LEAD, an exhibition of new photographs by the Madrid-born artist Alejandro Guijarro at London’s Tristan Hoare Gallery.
For his second solo show at Tristan Hoare, Alejandro Guijarro presents a new body of work that extends his photographic inquiries into the connection between art and science.
Working in collaboration with the conservation and collections departments of The Prado Museum, Madrid, The Louvre, Paris and The National Gallery, London, the artist scanned X-ray, infrared and ultra-violet renditions of Old Master paintings – including works by Uccello, van Dyck, Rubens, Delacroix, Goya and Velazquez amongst others. Monochromatic and energetic, the resulting photographs possess a graphic power strangely suggestive of the New York School artists, or a Gerhard Richter abstract.
The title of the new series, LEAD, refers to the presence of the metal in 17th and 18th century paint. This is what the X-rays show, bouncing back off lead pigments and transforming the paintings from recognisable images into otherworldly scenes, as if the viewer is given access to a separate reality below the surface paint. Guijarro has taken a scientific process used to demystify the paintings, and in doing so made them more unknowable, blurring the divisions between science and art.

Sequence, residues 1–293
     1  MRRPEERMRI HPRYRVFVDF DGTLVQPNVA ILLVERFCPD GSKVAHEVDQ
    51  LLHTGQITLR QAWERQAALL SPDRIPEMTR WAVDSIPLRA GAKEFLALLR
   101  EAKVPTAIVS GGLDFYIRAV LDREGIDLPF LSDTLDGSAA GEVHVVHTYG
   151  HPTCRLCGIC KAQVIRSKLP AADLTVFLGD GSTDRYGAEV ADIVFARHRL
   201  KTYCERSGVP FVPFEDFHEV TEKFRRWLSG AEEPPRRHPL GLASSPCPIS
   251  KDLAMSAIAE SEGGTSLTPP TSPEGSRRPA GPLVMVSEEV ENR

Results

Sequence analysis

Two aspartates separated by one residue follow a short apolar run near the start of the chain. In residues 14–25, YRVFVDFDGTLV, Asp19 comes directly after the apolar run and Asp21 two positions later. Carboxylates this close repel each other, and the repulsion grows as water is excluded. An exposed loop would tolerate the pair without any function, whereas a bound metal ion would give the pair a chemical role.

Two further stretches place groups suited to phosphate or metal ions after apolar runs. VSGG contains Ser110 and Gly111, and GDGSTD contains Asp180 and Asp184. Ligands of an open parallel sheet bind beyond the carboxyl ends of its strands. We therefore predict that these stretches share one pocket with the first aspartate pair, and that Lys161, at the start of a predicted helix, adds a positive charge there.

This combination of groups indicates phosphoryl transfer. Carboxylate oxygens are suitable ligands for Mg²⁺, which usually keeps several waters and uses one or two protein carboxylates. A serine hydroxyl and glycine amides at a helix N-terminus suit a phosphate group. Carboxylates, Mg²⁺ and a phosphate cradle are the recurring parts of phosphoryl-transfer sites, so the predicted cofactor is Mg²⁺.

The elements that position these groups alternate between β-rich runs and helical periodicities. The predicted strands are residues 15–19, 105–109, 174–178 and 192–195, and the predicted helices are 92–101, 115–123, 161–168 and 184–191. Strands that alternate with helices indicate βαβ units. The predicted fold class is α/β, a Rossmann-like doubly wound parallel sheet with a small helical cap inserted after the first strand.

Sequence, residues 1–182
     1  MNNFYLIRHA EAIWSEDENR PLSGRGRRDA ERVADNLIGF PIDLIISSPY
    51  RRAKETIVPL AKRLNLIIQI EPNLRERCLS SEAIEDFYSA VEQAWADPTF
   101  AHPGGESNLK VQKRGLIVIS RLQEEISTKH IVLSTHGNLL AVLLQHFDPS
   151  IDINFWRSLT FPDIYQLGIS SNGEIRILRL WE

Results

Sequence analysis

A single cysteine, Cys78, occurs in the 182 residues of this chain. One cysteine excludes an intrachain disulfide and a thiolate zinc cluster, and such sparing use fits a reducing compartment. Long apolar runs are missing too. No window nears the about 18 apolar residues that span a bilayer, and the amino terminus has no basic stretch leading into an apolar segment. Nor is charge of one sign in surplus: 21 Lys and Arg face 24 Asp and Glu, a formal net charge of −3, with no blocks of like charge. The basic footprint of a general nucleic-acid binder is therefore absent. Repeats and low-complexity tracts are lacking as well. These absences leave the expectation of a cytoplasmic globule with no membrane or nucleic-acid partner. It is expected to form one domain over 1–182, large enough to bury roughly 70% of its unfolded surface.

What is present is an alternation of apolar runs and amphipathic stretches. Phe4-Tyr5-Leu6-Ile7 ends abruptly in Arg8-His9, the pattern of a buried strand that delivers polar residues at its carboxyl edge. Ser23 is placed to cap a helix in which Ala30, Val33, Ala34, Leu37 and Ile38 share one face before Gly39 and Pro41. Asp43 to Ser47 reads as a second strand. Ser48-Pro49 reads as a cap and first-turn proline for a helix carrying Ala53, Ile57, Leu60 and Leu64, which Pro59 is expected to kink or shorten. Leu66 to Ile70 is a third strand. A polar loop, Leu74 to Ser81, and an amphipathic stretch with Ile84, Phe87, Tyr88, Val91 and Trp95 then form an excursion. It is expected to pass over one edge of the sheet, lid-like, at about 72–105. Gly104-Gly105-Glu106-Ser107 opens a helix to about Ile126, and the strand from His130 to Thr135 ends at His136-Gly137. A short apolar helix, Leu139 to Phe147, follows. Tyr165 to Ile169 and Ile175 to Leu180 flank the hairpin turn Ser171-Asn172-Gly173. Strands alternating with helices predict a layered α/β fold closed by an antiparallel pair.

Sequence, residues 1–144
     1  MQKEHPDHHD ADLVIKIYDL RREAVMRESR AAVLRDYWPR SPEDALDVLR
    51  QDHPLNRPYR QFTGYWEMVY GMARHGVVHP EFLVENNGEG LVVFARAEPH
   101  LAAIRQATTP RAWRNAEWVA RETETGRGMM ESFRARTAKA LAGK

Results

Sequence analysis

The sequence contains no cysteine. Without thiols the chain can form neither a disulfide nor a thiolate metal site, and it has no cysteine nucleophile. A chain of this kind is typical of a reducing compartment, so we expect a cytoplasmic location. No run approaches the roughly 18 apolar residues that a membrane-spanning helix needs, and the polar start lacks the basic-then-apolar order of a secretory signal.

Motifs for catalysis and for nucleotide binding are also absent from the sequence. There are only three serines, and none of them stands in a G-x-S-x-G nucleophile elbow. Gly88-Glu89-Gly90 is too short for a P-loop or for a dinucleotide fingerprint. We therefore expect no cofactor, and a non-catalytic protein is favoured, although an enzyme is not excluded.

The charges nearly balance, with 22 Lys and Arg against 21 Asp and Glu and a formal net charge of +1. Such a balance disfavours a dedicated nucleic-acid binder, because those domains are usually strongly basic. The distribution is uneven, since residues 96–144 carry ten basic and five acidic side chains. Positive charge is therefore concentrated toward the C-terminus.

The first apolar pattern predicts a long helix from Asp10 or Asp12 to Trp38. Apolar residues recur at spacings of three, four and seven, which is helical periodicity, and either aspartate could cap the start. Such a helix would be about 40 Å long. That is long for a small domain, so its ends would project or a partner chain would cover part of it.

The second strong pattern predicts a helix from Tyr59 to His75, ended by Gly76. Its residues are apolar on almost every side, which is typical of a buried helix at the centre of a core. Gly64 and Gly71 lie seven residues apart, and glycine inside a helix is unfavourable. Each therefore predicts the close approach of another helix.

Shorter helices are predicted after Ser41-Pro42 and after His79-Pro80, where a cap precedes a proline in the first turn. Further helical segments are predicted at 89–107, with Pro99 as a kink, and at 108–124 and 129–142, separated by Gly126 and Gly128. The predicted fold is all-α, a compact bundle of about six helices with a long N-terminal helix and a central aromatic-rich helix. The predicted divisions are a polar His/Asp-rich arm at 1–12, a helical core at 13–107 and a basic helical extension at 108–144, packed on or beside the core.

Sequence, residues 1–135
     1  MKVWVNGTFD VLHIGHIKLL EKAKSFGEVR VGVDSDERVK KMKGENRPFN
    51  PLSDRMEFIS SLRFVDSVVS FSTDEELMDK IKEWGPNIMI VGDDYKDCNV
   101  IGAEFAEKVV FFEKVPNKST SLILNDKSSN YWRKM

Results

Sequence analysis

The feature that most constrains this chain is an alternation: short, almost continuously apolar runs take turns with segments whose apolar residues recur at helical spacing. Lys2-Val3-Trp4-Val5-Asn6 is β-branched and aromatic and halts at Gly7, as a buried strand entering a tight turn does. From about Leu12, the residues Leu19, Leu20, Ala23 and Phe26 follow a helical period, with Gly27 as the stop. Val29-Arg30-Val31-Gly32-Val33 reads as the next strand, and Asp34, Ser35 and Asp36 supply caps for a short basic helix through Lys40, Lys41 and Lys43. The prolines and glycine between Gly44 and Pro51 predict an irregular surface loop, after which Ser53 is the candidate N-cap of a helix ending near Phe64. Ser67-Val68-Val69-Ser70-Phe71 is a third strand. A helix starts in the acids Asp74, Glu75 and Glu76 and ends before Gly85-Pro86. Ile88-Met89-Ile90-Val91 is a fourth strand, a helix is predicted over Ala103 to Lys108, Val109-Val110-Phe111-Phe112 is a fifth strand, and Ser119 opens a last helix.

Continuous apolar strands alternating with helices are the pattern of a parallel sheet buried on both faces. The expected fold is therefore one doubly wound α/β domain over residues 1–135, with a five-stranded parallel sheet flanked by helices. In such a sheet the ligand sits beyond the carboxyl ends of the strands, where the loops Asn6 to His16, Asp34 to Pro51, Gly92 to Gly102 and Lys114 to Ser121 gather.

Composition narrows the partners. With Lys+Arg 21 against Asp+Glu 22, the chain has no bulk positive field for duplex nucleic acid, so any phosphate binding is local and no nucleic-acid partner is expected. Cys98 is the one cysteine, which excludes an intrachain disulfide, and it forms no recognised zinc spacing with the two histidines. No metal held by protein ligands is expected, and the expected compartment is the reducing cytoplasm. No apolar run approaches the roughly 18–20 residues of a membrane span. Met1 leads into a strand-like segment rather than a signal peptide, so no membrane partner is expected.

Says artist Alejandro Guijarro: ‘At the heart of this series of work is a paradox: as X-rays they belong to the realm of scientific images, objective, possessing an unquestionable scientific truth. Yet, by their visual indeterminacy, they also exist in the subjective world of personal interpretation, the intuitional and emotional.’
This series continues Guijarro’s investigations into the paradoxes and contradictions that emerge where the boundaries of the photographic image break down. His first major series, Momentum, was a three-year project which saw the artist travel to the great quantum mechanics institutions around the world. From Berkeley in California to CERN in Switzerland, Guijarro photographed blackboards as he found them, before reproducing them at a 1:1 scale. By undermining our recognisable modes of perception, Guijarro’s photographic practice aims to question the solidity and authority of the photographic image and its ability to refer to reality and truth.